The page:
The SEP is being updated to version 2.0 to allow power line carrier, WiFi and other communications architectures. However, there is a large deployed base of version 1.0-era devices. There have been industry concerns about cybersecurity vulnerabilities of the 1.0-era devices. To assist utilities, regulators, and integrators who are deploying and configuring SEP 1.x in field devices and to address these concerns, NESCOR, the Cyber Security Working Group (CSWG), and other experts have developed a technical white paper to provide guidance on the use of both profiles. That white paper is available here.
Gregory Schaeffer, Acting Deputy Under Secretary, National Protection and Program Directorate, DHS, was one of the keynote speakers at the Industrial Control System Joint Working Group (ICSJWG) meeting held October 24th through the 26th in Long Beach, CA. He noted that ICSJWG offers an opportunity for the control system industry to catch up with security. Control system technology has “outrun its headlights” with respect to cybersecurity. He remarked that cybersecurity today touches everything and we need to treat it holistically. Further, the environment has changed since the 1990’s when the issue first arose. He said, "We are now worried about cybercrime. This problem evolved so rapidly and thoroughly, this area of crime is now far more lucrative than even the narcotics trade. In the last several years, hacking to get information and money has evolved into hacking for intellectual property. Vast amounts of information, both in the private and public sector, is being syphoned into the wrong hands. Identity theft is still a problem."
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The request for public comments on the draft NIST Framework and Roadmap for Smart Grid Interoperability Standards, Release 2.0 was published in the Federal Register on October 25, 2011. The Federal Register version of the document is available for download here. A draft is also available at the NIST WIKI site here.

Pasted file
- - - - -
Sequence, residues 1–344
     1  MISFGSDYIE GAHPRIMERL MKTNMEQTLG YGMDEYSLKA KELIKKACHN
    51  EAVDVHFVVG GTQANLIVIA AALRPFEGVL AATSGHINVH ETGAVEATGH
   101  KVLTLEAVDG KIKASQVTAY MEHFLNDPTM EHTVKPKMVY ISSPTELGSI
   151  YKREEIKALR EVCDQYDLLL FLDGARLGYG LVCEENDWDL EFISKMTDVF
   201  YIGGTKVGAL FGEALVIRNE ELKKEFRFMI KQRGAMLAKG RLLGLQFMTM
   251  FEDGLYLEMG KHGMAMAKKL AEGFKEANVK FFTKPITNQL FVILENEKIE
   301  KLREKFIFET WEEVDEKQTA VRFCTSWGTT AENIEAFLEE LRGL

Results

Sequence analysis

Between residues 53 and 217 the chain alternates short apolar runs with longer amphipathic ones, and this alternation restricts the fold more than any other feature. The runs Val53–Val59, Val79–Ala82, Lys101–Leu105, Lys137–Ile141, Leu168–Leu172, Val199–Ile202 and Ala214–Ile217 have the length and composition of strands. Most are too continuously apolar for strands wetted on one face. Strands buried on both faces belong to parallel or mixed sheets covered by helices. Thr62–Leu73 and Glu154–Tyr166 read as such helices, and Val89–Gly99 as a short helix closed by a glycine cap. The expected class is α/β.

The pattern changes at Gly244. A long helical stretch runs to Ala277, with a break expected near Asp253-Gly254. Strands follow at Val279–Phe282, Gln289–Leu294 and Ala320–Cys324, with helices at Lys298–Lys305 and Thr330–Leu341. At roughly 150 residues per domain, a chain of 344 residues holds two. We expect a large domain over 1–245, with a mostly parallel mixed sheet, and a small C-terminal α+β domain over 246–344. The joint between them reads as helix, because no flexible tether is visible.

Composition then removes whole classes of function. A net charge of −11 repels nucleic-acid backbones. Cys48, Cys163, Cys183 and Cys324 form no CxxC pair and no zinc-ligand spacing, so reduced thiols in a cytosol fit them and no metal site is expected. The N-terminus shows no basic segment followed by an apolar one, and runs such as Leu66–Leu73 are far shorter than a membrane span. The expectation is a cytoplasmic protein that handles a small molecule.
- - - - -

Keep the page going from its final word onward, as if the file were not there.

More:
The deadline for public comments is November 25, 2011 at 5:00 PM Eastern Time.
You may send written comments to the Office of the National Coordinator for Smart Grid Interoperability, National Institute of Standards and Technology, 100 Bureau Drive, Mail Stop 8100, Gaithersburg, MD 20899-8100, or by email at email@example.com.
Comments may also be posted on the wiki Website above, which contains earlier versions of the document as well. In particular, it is requested that comments be categorized as 1) technical; 2) editorial; or 3) general. If a comment is not a general comment, please identify the relevant page, line number, and section the comment addresses. NIST is also requesting that commenters include a proposal on how to address the comment. This continues the process of evolution of the framework for interoperability standards for the Smart Grid, and further input from the SGIP will be sought to help resolve the comments as they are received.
On October 12, 2011, a California administrative law judge ordered Pacific Gas and Electric (PG&E) to file additional information concerning the costs and technological feasibility associated with alternatives for customers who wish to opt-out of a wireless smart meter. On March 24, 2011, PG&E filed an applications with the California Public Utility Commission (CPUC) seeking approval of modifications to its Smart Meter program, and an increase in revenue requirements to recover the costs of the modifications.
The application was filed at the request of CPUC, seeking information on how the utility will handle customers who wish to “opt out” of having a smart meter mounted on their property. PG&E proposed that the Smart Meter program be modified to provide customers the choice to request that PG&E “turn-off” or disable the radio inside their gas and/or electric Smart Meters, thus eliminating the radio frequency (RF) communications from the Smart Meters. This has been referred to as the “radio off” option. PG&E determine the “radio off” option was the best, most economical solution. The utility said they also considered using older style, analog meters, or smart meters communicating via “wired” methods. The law judge order PG&E to answers specific questions about opt out solutions rather than force proponents of these solutions to gather the information from PG&E themselves. This additional information must be filed by October 28, 2011.